Favorite quotes from the movie Network

I’ll start with a very simple one (it hardly qualifies as memorable), lest I step on someone’s favorite -

[TV studio background noise]

PRODUCTION ASSISTANT: Howard just said he was going to kill himself next Tuesday.

[TV studio background noise]

PRODUCER:: What do you mean Howard just said he was going to kill himself next Tuesday?


Yes, Discobot, it’s a complete sentence.

A couple, but not the obvious ones. Also quoting Howard Beale and Arthur Jensen’s Oscar-worthy speeches take too long.

Max: Why is it that a woman always thinks that the most savage thing she can say to a man is to impugn his cocksmanship.

And the one that I think sums up the craziness of the core of the film:

[in response to Beale asking his viewers to yell out their windows]: They’re yelling in [insert city name]!

One that I’ve come to use many times as I get older:


“You can blow the seminal prisoner class infrastructure out your ass! I’m not knockin’ down my goddamn distribution charges!”


I’m human being, GOD DAMMIT! My life has value!

Louise Schumacher: I’m your wife, damn it. And, if you can’t work up a whit of passion for me, the least I require is respect and allegiance.

(Funny, the best use of a 5-minute scene in movie history, just about, and the genesis of an academy award for best supporting actress, and IMDB has Beatrice Straight listed 36th in the credits. This mirrors the closing credits in the movie.)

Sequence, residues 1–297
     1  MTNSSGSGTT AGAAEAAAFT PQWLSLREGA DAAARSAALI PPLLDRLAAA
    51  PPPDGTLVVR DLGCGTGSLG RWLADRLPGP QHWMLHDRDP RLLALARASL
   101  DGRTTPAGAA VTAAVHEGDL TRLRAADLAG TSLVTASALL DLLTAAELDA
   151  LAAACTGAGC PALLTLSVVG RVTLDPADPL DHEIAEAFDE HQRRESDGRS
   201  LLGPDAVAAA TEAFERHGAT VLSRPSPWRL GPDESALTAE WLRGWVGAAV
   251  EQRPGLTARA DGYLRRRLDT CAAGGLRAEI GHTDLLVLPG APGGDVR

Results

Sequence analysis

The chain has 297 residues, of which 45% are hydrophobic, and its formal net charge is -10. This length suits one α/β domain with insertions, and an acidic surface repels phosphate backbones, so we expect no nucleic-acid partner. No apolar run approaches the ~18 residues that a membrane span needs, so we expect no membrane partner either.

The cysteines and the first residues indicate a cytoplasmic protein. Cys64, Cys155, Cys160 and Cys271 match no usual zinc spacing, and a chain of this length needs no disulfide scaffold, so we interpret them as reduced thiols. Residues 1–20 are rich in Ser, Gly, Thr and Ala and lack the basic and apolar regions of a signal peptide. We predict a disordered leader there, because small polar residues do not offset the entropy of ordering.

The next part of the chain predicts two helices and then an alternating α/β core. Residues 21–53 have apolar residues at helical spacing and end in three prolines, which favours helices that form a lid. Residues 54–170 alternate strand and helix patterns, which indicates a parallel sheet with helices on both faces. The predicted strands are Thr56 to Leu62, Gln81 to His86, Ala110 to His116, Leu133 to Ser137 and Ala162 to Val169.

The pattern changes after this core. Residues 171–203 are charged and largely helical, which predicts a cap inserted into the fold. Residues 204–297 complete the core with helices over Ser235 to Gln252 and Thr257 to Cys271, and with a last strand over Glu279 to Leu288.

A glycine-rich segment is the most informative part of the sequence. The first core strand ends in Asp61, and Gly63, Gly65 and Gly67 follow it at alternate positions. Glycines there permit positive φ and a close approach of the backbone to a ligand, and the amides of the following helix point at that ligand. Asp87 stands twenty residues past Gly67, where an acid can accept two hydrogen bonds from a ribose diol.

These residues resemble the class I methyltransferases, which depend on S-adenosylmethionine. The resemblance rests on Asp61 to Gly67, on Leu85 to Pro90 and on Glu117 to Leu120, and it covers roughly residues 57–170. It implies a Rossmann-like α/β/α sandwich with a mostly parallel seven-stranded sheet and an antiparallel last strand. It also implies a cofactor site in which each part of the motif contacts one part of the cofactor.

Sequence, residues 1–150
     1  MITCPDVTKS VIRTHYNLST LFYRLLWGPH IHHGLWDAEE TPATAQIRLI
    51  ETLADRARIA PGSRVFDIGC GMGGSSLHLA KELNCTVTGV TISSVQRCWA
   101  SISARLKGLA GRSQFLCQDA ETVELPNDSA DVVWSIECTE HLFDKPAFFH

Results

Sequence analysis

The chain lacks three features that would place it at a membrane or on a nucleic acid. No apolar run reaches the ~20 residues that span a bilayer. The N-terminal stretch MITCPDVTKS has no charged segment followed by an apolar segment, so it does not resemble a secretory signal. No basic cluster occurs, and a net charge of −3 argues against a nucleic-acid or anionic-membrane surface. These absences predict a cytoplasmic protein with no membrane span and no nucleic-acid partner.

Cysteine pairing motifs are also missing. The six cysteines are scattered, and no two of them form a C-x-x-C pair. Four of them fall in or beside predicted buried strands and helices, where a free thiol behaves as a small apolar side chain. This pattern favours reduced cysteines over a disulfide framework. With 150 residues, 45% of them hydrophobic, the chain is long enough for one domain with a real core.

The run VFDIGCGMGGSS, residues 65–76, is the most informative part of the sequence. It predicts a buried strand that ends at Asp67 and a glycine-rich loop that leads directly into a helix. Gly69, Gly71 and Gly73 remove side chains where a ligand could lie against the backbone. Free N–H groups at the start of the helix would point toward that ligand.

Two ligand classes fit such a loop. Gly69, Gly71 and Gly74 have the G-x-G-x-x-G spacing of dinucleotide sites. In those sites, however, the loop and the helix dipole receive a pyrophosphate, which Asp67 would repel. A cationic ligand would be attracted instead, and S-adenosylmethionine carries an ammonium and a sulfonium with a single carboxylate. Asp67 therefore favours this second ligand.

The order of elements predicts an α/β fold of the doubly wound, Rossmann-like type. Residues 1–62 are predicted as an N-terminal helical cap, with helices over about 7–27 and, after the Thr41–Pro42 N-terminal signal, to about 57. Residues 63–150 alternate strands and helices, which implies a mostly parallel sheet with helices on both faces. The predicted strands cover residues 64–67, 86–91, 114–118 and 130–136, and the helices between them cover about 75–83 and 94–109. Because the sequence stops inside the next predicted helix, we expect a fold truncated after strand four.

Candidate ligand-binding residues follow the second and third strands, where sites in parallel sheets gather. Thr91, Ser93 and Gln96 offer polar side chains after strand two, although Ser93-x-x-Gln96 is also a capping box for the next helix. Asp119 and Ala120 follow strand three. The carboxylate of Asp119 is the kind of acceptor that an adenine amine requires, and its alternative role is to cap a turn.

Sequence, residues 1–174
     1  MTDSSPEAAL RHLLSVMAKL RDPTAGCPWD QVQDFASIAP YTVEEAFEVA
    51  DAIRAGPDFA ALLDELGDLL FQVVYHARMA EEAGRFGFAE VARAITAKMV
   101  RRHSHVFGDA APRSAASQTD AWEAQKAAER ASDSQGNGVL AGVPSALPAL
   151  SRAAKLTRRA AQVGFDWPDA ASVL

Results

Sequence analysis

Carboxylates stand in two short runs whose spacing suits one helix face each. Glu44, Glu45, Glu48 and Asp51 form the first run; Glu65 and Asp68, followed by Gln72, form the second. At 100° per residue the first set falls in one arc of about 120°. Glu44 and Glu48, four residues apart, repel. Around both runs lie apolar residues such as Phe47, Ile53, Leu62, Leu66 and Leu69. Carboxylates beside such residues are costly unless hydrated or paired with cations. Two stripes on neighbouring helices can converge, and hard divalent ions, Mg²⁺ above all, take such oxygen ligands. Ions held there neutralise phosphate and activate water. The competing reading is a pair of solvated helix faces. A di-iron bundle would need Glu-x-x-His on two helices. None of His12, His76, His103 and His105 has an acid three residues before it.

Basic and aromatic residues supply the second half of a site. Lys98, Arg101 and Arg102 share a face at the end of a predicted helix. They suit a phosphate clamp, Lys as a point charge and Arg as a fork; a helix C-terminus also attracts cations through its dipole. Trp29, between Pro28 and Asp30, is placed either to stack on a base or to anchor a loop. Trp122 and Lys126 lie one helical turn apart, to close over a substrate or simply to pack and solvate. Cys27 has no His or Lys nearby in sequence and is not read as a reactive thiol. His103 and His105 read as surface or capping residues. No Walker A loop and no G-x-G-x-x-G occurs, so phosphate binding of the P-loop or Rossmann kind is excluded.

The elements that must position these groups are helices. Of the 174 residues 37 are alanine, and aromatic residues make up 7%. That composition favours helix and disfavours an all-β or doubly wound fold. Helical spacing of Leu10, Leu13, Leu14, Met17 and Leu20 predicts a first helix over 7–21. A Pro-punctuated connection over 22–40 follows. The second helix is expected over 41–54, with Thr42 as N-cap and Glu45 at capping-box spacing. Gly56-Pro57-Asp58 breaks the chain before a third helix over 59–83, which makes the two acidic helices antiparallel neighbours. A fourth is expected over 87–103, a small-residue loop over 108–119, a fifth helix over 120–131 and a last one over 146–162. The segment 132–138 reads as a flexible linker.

I thinki it’s “winter passion.”

That makes more sense. I copied it from IMDB.

“This is a NETWORK! We WORK for the NETWORK to make the NETWORK WORK!”

All right, fine, I’ve never seen Network.

Many people don’t know that this is based on an actual practice by humorist, author, and radio broadcaster Jean Shepard (probably best known for writing A Christmas Story).

From time to time Shepherd, in the late 1950s and early 1960s, would tell his listeners to go to their windows, open them, place their radios with loudspeakers pointed out into the night and turn up the volume.
Shepherd would then yell some startling comment that would be heard throughout the neighborhood. He called this act of comic defiance, “Hurling an Invective.”

Shepherd said that Chayefsky had called him and asked if he would mind if in “Network” he could, in a kind of tribute to Shepherd’s “invectives,” use the idea.

Some of Shep’s invectives:

• You don’t think for a moment you’re fooling anyone, do you?

• How long do you think you can get away with this? The jig is up!

• You filthy pragmatist!

From here.

“They say I can sell anything, Mr. Beale. I’d like to try to sell something to you.”

“I have seen the face of God”

“This was the story of Howard Beale; the first known instance of a man who was killed because he had lousy ratings.”

I think Network is brilliant, but Ned Beatty’s big speech just never did anything for me. The rest of the movie, Peter Finch’s diatribes in particular, are wonderfully plain-spoken. And then Beatty comes in with the sort pompous buzzwords that the rest of the movie is so good at skewering.

I’ve always liked Barbara’s (Conchata Ferrell’s) TV show pitches to Diana Christensen:

At that point, Diana cuts Barbara off, but the point is made: Barbara has summed up just about every TV drama of the mid-1970s.